This was a problem as many streetcar routes overlapped. For example, Dupont and Avenue Road streetcars operated on Yonge Street south of Bloor, and Belt Line and Yonge streetcars both ran on Front Street. While the TRC had metal signs on the top and sides of each streetcar to denote the route, they weren’t illuminated. With electric light still in its infancy — arc…
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Happy to report I scored 10/10
Not a fair comparison to how well commuter train operators know their stuff, we’ve created a small test to give you a hint at how well trained they are.
If you thought learning the rules of the road was tough – remember how much the ‘merge’ sign terrified you – try becoming a GO Train conductor.
Signal lights wait to guide trains along the Lakeshore East line. (Photo by Hung Duc Hin)
According to Paul Robinson, manager of the training department at Bombardier, on top of spending countless hours learning every route, the conductors (officially known as GO commuter train operators) also need to memorize more than 100 possible signal combinations. To pass the test, they have to get 100 per cent – leaving no margin for error.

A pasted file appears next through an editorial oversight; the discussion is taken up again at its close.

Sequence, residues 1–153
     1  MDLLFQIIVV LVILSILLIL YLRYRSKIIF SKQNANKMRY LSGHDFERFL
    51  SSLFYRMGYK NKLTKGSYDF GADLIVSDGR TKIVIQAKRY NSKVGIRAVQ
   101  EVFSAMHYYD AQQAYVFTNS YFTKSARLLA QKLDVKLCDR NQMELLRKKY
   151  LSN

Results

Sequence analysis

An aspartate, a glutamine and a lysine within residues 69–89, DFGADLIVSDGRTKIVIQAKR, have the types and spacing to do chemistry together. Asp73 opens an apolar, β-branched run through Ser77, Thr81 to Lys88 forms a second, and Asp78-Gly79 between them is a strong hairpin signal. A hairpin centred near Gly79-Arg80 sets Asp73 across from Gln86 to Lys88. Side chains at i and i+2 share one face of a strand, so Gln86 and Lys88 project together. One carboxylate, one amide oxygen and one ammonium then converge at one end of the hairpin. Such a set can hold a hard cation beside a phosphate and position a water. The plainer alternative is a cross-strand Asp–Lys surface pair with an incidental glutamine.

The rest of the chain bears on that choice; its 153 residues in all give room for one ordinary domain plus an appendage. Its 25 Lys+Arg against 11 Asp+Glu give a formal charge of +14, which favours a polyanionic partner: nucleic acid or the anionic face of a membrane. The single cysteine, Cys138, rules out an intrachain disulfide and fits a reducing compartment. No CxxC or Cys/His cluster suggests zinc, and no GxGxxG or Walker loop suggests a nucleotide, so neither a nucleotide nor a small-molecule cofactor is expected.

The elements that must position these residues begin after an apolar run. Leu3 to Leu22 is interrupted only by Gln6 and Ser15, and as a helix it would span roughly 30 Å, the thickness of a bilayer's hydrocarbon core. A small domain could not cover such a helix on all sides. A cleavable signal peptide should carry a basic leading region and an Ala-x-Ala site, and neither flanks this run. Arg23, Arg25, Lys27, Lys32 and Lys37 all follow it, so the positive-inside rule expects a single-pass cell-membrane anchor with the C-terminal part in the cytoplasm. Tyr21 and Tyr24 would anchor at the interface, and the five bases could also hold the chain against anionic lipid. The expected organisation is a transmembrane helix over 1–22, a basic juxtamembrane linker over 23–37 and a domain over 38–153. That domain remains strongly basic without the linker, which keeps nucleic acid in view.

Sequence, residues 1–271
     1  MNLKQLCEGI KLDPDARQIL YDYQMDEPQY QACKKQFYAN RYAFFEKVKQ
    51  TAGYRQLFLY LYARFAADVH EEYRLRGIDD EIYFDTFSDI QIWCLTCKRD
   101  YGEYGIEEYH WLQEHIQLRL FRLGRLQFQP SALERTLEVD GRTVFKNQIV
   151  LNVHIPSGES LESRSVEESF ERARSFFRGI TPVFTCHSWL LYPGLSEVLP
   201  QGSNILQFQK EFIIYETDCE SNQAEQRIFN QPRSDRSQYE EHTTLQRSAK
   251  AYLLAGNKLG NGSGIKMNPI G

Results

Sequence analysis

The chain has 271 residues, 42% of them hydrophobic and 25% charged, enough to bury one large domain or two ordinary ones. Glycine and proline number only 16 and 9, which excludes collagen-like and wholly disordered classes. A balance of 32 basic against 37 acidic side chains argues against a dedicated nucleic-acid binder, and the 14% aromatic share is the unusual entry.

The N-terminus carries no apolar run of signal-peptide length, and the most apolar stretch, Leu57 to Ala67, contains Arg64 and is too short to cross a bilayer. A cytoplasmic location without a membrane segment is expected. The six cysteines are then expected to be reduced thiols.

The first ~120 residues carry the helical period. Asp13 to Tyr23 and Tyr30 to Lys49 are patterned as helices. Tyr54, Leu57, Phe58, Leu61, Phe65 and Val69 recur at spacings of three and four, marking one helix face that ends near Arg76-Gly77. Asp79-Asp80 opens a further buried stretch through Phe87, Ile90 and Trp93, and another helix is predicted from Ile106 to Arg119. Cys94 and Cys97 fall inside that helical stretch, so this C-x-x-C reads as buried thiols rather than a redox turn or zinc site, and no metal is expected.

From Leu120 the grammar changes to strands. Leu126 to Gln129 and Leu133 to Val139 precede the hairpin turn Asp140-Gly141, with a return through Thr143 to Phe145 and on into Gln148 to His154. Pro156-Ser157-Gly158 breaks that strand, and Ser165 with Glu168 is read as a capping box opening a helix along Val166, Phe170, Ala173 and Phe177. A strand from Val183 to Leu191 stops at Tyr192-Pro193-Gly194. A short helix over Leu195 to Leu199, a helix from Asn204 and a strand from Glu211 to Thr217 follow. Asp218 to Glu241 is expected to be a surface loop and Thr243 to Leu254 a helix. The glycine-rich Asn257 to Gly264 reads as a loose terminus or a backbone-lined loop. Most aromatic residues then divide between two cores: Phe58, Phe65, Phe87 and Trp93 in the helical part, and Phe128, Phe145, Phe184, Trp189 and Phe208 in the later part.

Signals are similar to the traffic lights you might see on the road. They tell the conductor what to do at the current signal and how to approach the…
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Many people think LRTs are the same as streetcars but that’s not quite the case.
It’s like being mistaken for your twice-removed cousin.
Yes, you both pronounce ‘bagel’ oddly and are both allergic to black, wool socks, but that’s really where the similarities end.
As Metrolinx works on expansive and remarkable light rail transit (LRT) projects – including in Mississauga, Hamilton and Toronto (Finch West and Eglinton Crosstown) – we often find ourselves answering the same question – “Isn’t an LRT just another streetcar?”
We have nothing against streetcars, but the two vehicles are more rail cousins than transit twins.
One of the biggest differences between an LRT and streetcars is that LRTs are run on their own dedicated right of way and have priority signaling at intersections. LRT is rapid transit, and won’t get stuck in traffic or compete for space with cars.